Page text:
A tournament was held Wednesday afternoon at Stoddard's Palm Garden. There were a number of knights titling in the course during the afternoon and at night the coronation and dance was held. Mr. Caleb S. Hobbs was marshal, and Mr. Nicholas J. Maisel, Jr., assistant. The judges were Messrs. George Grim, Thos. J. Flanagan, Thos. F. Allman and Judge Robertson.

75 Years Ago

An article in the Aug. 6, 1937 edition of The Catonsville Herald and Baltimore Countian advertised an upcoming carnival.

Elaborate entertainment will be offered at the annual carnival of the Violetville Volunteer Fire Company, which opens today, Friday, August 6, and continues through Saturday, August 21. This year's carnival will be held at the Arbutus Community Association grounds, Linden Avenue, Arbutus. There is shelter for thousands at this location in case of showers and plenty of parking space is available.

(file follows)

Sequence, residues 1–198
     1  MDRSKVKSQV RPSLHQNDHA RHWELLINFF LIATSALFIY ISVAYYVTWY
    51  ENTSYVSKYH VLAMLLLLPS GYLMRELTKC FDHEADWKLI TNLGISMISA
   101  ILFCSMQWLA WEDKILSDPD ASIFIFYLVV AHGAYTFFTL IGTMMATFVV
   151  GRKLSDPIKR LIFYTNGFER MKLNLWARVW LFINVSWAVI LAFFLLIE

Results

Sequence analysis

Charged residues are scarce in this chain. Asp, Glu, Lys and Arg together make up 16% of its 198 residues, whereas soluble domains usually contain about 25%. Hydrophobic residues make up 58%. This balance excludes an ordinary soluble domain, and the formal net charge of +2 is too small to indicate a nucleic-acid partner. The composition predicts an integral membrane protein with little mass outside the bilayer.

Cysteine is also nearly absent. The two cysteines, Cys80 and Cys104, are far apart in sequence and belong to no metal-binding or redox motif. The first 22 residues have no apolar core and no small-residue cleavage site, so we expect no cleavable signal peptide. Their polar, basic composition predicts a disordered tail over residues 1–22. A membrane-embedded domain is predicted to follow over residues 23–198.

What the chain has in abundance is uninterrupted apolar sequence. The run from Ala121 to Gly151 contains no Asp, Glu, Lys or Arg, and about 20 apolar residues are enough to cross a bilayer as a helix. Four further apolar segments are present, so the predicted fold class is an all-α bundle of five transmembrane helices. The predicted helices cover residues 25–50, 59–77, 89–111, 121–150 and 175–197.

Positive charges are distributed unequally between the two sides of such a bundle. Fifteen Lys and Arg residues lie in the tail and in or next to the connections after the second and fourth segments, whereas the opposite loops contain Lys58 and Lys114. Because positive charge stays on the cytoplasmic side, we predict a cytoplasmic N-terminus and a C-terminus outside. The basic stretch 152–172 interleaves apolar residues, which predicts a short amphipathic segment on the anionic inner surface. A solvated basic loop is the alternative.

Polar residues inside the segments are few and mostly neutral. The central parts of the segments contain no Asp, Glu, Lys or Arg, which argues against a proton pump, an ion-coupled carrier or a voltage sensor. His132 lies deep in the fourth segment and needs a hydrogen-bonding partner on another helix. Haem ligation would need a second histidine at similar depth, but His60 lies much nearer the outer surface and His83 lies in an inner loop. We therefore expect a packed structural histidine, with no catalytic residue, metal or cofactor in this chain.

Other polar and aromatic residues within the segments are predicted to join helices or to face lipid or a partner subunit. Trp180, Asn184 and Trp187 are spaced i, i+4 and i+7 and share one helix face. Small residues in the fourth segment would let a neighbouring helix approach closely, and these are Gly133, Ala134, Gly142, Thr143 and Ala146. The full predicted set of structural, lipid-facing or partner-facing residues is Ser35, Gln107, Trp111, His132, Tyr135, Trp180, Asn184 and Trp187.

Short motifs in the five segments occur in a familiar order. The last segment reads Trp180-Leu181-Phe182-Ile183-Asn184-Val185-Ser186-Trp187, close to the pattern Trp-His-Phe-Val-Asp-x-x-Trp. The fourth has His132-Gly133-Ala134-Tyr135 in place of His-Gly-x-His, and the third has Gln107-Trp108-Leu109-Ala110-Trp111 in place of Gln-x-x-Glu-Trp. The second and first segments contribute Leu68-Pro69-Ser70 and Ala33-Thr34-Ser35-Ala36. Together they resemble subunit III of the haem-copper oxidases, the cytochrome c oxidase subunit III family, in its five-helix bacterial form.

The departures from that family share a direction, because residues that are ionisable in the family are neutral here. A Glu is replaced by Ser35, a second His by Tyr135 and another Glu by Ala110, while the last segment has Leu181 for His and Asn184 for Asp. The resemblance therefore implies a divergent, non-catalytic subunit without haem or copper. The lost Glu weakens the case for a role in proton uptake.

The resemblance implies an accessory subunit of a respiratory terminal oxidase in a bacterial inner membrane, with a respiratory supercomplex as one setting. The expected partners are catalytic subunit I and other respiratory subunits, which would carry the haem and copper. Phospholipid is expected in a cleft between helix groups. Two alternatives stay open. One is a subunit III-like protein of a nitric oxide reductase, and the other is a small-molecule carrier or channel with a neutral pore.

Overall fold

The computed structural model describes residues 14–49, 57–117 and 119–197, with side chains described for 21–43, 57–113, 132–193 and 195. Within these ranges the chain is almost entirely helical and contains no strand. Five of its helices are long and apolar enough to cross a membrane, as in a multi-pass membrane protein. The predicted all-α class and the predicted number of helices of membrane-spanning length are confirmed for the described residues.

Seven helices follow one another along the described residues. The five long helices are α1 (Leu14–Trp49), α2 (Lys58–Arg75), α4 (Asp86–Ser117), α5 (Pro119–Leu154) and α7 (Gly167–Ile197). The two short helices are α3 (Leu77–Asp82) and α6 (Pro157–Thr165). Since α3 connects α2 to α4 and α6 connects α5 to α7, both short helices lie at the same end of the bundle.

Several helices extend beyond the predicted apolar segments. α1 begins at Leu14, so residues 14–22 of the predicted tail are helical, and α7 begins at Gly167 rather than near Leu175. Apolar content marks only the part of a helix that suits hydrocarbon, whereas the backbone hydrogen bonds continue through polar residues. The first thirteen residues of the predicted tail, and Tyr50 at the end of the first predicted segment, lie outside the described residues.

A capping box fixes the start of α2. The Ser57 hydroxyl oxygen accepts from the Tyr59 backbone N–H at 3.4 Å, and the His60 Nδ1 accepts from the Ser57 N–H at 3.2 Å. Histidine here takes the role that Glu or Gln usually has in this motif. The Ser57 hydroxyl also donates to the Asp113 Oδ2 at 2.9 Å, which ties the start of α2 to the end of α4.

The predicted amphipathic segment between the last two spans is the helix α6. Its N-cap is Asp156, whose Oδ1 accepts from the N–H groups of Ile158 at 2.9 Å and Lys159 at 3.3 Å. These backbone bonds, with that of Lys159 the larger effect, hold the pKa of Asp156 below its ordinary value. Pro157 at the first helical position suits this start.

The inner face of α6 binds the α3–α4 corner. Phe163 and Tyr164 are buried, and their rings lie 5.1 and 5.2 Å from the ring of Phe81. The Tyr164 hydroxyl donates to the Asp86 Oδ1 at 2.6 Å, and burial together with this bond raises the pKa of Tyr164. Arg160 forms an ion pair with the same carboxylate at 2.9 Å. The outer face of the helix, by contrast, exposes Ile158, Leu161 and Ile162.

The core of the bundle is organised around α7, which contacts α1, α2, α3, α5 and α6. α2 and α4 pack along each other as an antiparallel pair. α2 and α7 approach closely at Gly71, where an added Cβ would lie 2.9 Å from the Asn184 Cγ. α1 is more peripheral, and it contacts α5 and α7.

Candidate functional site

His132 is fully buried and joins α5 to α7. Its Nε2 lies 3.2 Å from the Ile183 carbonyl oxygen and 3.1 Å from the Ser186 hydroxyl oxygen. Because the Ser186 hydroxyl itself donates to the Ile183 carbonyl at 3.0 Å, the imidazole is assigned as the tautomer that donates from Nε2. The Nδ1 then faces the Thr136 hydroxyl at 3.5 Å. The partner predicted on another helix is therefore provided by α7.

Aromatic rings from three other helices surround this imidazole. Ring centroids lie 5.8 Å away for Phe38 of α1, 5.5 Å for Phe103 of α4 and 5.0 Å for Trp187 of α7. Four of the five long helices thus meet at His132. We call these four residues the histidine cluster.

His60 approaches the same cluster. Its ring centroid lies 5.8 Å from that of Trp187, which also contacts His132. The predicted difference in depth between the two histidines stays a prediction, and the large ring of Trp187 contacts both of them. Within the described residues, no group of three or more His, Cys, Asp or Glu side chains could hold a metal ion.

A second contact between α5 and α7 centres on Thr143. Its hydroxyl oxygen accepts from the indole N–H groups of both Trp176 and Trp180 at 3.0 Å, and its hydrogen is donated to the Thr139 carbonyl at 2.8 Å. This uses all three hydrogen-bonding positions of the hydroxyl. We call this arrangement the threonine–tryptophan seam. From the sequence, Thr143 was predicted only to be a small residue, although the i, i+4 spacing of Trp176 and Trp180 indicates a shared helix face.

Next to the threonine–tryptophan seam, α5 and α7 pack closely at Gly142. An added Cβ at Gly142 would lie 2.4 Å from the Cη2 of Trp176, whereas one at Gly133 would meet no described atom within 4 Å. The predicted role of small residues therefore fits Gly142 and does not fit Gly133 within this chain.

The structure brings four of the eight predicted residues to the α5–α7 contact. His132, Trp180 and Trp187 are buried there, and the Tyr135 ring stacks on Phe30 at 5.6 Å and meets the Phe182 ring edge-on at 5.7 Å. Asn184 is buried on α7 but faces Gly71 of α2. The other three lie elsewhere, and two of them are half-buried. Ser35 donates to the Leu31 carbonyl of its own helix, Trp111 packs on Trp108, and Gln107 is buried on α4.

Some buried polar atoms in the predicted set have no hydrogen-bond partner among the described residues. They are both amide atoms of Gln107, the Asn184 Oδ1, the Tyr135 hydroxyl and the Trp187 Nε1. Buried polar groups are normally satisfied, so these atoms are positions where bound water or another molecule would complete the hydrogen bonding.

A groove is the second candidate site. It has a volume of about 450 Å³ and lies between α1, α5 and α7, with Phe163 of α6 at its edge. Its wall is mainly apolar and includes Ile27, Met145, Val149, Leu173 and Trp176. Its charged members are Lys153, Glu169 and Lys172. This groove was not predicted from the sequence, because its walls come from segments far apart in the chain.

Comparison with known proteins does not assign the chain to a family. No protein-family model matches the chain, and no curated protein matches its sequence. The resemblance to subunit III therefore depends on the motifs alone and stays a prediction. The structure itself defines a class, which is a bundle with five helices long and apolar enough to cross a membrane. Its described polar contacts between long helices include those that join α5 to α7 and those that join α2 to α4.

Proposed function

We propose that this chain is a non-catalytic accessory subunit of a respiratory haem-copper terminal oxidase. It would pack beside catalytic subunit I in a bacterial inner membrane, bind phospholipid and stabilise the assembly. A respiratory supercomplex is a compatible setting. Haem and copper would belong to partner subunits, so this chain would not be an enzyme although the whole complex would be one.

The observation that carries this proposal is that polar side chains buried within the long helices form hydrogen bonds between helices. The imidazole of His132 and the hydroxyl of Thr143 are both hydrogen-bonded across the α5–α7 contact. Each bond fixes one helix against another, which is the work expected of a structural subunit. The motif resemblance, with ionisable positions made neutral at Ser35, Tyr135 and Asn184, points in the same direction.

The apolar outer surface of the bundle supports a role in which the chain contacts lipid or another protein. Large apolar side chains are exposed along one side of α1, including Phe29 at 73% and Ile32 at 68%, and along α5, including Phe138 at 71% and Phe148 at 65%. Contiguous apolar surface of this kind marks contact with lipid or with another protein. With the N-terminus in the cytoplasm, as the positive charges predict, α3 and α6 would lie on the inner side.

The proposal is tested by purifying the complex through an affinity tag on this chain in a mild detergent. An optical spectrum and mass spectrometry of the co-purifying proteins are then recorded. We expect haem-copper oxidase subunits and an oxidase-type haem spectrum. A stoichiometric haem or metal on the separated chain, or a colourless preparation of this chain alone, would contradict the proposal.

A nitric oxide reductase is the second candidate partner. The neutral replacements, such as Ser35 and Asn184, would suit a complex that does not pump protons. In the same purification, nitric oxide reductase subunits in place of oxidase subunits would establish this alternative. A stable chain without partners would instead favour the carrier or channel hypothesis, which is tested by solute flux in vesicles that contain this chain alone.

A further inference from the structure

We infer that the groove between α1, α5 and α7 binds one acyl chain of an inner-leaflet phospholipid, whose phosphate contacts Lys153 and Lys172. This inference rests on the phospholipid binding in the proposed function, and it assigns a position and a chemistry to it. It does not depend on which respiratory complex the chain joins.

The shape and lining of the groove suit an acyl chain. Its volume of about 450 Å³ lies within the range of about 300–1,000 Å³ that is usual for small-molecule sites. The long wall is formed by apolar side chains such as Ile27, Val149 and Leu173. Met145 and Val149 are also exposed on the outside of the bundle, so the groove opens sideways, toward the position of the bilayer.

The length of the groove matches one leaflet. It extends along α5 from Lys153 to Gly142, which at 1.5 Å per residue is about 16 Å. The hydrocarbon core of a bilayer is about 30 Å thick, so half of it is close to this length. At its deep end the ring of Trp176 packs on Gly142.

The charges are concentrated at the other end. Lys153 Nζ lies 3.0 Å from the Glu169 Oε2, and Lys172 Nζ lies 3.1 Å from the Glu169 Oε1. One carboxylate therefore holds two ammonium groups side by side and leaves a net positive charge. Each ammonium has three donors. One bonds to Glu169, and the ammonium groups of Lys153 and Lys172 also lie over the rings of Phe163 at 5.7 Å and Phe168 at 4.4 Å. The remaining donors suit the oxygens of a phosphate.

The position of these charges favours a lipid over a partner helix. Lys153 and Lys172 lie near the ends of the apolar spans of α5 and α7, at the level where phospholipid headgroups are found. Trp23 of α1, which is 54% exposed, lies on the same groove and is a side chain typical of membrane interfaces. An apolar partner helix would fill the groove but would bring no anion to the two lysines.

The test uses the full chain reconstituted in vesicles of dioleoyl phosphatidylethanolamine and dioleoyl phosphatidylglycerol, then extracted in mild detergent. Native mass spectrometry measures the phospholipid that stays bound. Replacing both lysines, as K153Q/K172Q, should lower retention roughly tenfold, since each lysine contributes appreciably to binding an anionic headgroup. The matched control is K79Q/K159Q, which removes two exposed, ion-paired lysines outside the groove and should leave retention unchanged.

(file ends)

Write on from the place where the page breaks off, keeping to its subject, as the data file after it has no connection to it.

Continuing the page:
Funds raised at the annual carnival are used to support the company's volunteer fire and ambulance service. The ambulance service, which has done so much valuable work in this part of the county, is free of charge to the public and is supported by funds raised through activities of the company, and by public contribution.


Bosley Baugher, of Catonsville was eliminated in the third round of the national boys' singles tennis tourney at Cluber, Indiana, on August 3, but only after a three-set battle, in which he took the opening set.

Baugher lost to Billie Stranger, of Neenah, Wis., 3-6, 6-4, 6-4.